Green Taxes and Administrative Costs: The Case of Carbon Taxation

Sjak Smulders, Herman R.J. Vollebergh

NBER Working Paper No. 7298
Issued in August 1999
NBER Program(s):Public Economics

This paper explores the trade-off between incentive effects and administrative costs associated with the implementation of various environmental tax instruments, with special reference to carbon taxes. In a simple model, we show under what conditions it is optimal to use input rather than emission taxes to internalize environmental externalities. Mixed tax regimes are also studied. If linkage of emissions to inputs is close, if abatement possibilities are costly, and if administrative costs of emission taxes are high, emission taxes should not be introduced. It is shown that these conditions directly apply to current tax policies toward CO2 emissions in several European countries that harness pre-existing energy taxes. First, there is a one-to-one correspondence between carbon content of energy and CO2 emissions. Second, only few possibilities exist to abate CO2 emissions separately. Third, energy excises allow to save on administrative costs. Broadening the carbon tax base by removing certain widely-used exemptions for energy production (and possibly adding emission taxes or abatement subsidies for selected industries) is likely to increase incentives for carbon reduction without significant additional administrative costs.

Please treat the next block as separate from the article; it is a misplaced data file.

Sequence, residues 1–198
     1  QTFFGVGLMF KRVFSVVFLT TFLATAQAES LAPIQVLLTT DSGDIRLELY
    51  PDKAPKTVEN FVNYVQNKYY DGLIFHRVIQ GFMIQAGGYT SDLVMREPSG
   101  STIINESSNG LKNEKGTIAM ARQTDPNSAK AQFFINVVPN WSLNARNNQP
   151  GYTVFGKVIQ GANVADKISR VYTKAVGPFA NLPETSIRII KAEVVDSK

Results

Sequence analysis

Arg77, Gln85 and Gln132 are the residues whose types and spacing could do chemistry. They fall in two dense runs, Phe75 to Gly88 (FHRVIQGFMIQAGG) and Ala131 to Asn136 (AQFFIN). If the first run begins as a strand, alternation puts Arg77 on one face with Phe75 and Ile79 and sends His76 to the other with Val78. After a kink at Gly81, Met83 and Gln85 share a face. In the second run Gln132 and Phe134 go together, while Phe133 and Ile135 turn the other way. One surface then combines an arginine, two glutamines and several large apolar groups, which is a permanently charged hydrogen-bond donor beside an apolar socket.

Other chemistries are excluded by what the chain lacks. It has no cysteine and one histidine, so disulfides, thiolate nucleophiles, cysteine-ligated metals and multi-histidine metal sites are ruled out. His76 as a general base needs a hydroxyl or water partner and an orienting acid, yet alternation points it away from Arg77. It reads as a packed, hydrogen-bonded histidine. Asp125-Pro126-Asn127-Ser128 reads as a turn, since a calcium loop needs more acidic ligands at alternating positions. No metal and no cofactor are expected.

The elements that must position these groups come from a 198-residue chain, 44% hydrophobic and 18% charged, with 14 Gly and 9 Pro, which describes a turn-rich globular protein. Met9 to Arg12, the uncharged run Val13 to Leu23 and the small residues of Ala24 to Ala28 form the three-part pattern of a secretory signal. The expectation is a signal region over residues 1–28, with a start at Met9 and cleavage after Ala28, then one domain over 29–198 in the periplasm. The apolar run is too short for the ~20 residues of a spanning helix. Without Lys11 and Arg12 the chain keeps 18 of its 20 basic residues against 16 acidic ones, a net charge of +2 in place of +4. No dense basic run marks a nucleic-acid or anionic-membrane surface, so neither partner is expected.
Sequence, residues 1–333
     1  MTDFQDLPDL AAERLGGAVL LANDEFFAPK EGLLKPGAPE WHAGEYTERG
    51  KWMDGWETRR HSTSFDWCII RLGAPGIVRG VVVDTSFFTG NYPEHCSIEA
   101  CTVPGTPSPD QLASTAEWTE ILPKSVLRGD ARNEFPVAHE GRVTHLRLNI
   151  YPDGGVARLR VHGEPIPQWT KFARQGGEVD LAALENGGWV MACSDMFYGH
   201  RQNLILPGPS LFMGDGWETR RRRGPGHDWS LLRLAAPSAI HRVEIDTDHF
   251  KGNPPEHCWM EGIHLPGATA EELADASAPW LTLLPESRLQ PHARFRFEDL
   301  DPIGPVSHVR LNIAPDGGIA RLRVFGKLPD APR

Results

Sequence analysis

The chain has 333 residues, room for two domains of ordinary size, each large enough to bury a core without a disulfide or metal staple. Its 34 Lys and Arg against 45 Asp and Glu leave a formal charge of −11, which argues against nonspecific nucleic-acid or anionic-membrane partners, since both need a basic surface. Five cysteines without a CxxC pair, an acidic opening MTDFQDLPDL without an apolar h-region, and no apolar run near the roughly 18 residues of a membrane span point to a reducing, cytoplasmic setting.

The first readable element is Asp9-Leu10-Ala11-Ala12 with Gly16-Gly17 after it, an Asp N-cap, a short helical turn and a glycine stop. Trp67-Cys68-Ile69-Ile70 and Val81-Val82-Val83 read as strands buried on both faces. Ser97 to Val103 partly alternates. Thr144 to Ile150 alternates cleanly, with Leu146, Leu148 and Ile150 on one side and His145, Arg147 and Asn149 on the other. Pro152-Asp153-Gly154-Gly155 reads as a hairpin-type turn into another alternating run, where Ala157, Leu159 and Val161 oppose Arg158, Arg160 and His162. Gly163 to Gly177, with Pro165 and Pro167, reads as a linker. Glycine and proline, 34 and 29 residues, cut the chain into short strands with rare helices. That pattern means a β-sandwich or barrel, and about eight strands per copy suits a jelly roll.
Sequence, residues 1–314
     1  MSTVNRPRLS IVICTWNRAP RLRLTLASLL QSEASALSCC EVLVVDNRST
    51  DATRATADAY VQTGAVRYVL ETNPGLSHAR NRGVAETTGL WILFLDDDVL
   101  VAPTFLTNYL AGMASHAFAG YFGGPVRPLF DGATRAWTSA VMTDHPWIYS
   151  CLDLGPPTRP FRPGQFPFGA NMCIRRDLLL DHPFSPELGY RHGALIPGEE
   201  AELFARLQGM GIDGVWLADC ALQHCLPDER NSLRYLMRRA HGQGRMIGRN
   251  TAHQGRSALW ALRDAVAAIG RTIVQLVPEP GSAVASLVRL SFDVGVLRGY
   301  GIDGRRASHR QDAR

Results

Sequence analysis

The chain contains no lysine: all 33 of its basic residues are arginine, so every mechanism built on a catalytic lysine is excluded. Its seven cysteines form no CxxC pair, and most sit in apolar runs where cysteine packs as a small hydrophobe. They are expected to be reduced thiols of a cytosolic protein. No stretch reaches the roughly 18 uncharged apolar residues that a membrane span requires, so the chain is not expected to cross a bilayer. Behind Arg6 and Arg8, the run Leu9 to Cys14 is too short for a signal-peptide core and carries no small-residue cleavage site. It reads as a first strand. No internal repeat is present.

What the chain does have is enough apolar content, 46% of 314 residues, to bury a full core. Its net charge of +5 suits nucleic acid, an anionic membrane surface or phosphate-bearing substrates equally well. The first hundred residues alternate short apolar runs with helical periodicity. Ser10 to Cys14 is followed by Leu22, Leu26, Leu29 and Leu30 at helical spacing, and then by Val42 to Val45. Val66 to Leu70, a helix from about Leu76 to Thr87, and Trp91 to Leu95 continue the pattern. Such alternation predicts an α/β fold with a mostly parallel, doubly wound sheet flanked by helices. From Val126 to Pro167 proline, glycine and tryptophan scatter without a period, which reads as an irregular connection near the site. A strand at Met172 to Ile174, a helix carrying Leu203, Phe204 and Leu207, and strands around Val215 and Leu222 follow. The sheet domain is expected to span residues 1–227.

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Document Object Identifier (DOI): 10.3386/w7298

Published: Green Taxes and Administrative Costs: The Case of Carbon Taxation, Sjak Smulders, Herman R. J. Vollebergh. in Behavioral and Distributional Effects of Environmental Policy, Carraro and Metcalf. 2001

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